I sit there mesmerised by the short, sharp movements she makes with her hook. A small girl, who never speaks, sits close to us knitting. A book lies on her lap,but I suspect she doesn’t read because I never see her turning the pages. She is quite young. A tear falls on to a page of the book but she doesn’t bother to mop it up. I have never seen anyone cry so silently. She turns towards me and says that I can borrow her book if I want to. I take it from her, and start reading. As far as I can see the story is of nurses who fall in love with doctors. The nurses are always pretty and the doctors are always tall, dark, handsome and clever. The nurses won’t sleep with the doctors until they are married and, according to the girl, this kind of story always ends happily.
“Everything get ironed out in the end,” she says.
My friend (I think I have the right to call her that) says I should go to the dining room to have tea with her. We sit there and look out of the window on to the farm, and the nuses give us salad to eat. She starts to tell me about the time when she and her husband stayed in Paris.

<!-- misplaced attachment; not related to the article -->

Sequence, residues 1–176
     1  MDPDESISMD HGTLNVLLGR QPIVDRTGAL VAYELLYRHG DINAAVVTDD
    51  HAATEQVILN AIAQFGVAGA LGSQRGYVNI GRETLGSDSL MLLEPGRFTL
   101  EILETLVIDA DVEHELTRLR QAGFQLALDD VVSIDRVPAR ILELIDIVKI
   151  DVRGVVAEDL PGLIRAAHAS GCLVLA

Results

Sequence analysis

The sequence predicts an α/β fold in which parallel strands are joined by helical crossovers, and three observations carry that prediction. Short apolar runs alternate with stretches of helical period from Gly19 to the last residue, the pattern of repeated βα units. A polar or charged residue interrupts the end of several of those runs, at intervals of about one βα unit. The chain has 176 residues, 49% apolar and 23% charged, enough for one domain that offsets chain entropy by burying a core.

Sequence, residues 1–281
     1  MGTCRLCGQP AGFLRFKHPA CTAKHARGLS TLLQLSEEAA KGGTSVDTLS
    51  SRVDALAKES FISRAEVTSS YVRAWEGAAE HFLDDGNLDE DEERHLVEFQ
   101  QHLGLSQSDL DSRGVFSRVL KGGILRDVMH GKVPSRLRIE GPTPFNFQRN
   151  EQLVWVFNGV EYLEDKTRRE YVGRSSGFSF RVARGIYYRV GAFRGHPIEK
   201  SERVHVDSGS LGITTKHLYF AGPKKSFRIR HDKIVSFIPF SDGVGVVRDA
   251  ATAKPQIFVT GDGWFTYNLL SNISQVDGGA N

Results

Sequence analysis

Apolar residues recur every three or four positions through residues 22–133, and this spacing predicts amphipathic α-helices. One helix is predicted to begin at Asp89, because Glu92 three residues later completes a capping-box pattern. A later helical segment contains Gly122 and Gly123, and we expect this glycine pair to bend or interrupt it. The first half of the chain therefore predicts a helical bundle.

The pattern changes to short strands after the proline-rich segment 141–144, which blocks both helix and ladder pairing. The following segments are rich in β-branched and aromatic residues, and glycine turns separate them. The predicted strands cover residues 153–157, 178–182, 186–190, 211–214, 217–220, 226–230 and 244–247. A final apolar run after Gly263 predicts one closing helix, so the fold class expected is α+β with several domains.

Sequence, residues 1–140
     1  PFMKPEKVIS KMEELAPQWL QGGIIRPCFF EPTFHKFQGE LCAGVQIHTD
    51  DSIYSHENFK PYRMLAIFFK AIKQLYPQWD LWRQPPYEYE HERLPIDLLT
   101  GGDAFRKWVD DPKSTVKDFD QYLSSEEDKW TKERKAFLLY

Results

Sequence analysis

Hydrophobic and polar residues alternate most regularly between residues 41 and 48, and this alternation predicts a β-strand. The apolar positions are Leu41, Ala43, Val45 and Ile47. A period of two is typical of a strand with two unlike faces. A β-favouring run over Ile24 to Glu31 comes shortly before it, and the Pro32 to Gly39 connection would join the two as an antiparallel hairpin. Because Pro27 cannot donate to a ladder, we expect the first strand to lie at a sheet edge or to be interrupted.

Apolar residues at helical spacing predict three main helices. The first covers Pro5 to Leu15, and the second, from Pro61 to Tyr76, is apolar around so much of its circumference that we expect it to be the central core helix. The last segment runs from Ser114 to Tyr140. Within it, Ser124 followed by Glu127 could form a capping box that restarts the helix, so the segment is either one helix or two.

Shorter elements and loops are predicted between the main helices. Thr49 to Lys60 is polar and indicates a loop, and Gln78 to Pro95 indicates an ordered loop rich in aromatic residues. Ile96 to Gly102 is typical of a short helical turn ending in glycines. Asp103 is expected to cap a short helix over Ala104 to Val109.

“We had beautiful food,” and she enumerates sumptuous dishes which contrast with the food I cook at home; it is plain and simple.
With all those servants, I wonder how she spent her time in the embassy and, as if she can read my thoughts, she adds:
“I made up the seating arrangements. It is quite an art; you have to know who is in favour with whom.”
I could imagine that she would make a good hostess.
In this place the hours before sunset are the most dreary: dusk comes slowly. We fill in time by playing Scrabble or by watching television. My Viennese friend asks if I would like to take a walk with her down to the farm. But I am too sleepy; my legs feel heavy and I want to go to bed. Sleep is like a delicious film of forgetfulness that encircles my body: a nectar and a reprieve from the gods.
I tell my friend that I want to go to bed. When I reach the landing, I meet the same nurse who called for me to come downstairs to lunch this morning. She stretches out an arm but I dodge away from her. I don’t like being touched, not even by someone who is friendly. I tell that I’m too tired to join the others; reluctantly she lets me go, and as I walk along the passage she gives me a look which makes me feel that I am like a shy girl playing truant from a children’s party.
This house -- a slim Palladian mansion - is so elegant; its fine proportions cast a spell over the occupants, preventing them from indulging in the worst of excesses -- or so it seems to me. My room, which I share with two other women, is furnished in chintz, soft bed-spreads and table-lamps. An armchair has been placed by the sash window.